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Photograph: Courtesy Sports Federation & Olympic Committee of Hong Kong, ChinaSiobhan Haughey
Photograph: Pedro Pardo/AFP
chueng ka kong3/5
Photograph: Fabrice Coffrini/AFP
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Photograph: Courtesy SF&OC
Tokyo Olympics 20215/5
Photograph: Shutterstock

Tokyo Olympics 2021: What to expect and how to watch in Hong Kong

Things you need to know about the Summer Olympics and how to watch in Hong Kong

By Tatum Ancheta

Updated July 30: Hong Kong athletes are making their mark at the Tokyo 2020 Olympics, and it has already been the most successful Games ever for the SAR. On day seven of the Olympics, Siobhan Haughey bags another silver medal and sets another Asian record. Haughey clocked in at 52.27 at the 100m free final, placing second to Australian swimmer Emma McKeon who made a new Olympic record when she timed in at 51.96. Prior to today’s win, Haughey got silver in the women’s 200m freestyle on July 28; this makes the 23-year-old athlete the first Hong Kong swimmer to win two Olympic medals. Her win also marks Hong Kong’s third medal for the Tokyo 2020 Olympics after 24-year-old fencer Edgar Cheung Ka-long has made history by winning the gold medal for the men’s foil individual event on July 26.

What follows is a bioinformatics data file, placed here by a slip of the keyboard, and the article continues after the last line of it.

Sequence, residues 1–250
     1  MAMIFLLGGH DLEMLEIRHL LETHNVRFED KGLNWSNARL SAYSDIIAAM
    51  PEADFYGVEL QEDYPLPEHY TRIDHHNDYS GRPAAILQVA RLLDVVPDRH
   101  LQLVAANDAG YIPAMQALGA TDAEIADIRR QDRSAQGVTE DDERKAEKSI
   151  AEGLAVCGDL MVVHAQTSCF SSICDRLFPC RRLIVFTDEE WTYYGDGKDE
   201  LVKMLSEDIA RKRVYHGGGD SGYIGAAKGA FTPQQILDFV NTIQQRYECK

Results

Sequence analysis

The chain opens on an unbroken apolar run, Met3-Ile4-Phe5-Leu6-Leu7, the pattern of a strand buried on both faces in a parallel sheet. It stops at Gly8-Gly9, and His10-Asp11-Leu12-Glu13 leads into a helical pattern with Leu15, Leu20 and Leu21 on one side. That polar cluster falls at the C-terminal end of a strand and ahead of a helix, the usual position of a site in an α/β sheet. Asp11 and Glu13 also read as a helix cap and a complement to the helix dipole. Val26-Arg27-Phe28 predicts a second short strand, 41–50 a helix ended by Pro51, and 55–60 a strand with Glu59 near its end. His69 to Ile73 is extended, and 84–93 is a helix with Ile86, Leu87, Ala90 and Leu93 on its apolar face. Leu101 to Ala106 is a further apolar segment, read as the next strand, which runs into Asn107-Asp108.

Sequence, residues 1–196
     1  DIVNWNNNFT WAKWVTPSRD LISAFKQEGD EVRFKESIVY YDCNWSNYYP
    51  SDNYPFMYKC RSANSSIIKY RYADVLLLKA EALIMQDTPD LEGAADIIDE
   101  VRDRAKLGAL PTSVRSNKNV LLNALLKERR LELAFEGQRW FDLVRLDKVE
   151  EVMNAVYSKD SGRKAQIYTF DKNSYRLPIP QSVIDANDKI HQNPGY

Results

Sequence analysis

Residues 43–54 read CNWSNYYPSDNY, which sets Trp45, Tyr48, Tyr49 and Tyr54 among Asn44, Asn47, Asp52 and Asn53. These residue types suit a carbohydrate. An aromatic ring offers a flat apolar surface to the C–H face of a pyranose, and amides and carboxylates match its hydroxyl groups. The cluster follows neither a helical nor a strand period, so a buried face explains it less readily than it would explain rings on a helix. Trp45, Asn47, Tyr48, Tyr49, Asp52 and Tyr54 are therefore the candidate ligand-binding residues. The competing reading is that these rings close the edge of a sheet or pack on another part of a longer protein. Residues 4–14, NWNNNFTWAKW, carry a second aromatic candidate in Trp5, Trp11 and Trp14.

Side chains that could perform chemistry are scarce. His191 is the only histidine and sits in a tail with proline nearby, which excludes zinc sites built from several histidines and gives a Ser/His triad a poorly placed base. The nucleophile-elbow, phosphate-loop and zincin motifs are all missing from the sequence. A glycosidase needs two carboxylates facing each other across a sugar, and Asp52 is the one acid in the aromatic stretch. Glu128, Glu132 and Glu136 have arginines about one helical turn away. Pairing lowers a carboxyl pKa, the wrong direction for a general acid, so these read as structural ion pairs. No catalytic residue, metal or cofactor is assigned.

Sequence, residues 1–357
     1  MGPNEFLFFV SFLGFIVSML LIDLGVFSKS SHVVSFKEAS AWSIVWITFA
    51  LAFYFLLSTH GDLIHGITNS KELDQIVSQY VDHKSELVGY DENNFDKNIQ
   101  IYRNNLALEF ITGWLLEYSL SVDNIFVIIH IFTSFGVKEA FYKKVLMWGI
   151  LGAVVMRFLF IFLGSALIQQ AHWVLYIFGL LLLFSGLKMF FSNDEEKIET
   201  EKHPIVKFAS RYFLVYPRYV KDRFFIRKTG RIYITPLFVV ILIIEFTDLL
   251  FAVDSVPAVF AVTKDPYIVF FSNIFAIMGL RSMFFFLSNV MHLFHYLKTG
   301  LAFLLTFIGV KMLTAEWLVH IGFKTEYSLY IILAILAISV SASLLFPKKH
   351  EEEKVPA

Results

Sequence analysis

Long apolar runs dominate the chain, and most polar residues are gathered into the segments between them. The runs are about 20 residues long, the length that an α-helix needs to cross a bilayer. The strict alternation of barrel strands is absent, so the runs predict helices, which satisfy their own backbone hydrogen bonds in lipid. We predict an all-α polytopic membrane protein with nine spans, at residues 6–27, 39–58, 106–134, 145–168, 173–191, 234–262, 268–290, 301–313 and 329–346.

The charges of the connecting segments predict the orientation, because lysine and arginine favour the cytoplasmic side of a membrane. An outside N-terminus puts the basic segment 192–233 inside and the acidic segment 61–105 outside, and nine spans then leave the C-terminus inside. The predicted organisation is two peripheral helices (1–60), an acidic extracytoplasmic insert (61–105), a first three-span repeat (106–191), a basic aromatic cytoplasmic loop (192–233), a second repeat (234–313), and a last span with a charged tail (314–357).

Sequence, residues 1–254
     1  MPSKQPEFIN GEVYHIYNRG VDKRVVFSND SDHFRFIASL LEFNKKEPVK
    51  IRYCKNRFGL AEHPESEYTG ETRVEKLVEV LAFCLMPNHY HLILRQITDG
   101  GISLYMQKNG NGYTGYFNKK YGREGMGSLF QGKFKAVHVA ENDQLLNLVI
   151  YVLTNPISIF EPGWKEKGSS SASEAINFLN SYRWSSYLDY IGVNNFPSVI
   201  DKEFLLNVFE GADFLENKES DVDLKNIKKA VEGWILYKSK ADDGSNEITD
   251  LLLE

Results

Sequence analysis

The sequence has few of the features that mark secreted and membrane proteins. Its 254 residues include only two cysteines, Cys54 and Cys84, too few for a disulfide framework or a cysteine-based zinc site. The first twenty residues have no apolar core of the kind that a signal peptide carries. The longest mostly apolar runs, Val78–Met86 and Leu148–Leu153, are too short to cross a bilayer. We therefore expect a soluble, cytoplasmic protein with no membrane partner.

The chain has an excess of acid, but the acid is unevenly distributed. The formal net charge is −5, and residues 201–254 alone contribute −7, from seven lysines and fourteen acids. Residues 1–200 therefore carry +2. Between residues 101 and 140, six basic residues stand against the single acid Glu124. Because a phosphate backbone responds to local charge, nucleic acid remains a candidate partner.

Meanwhile, on the badminton court, the mixed doubles finals finished with Japan taking home the bronze medal in a neck and neck battle against Hong Kong’s Tang Chun-man and Tse Ying-suet.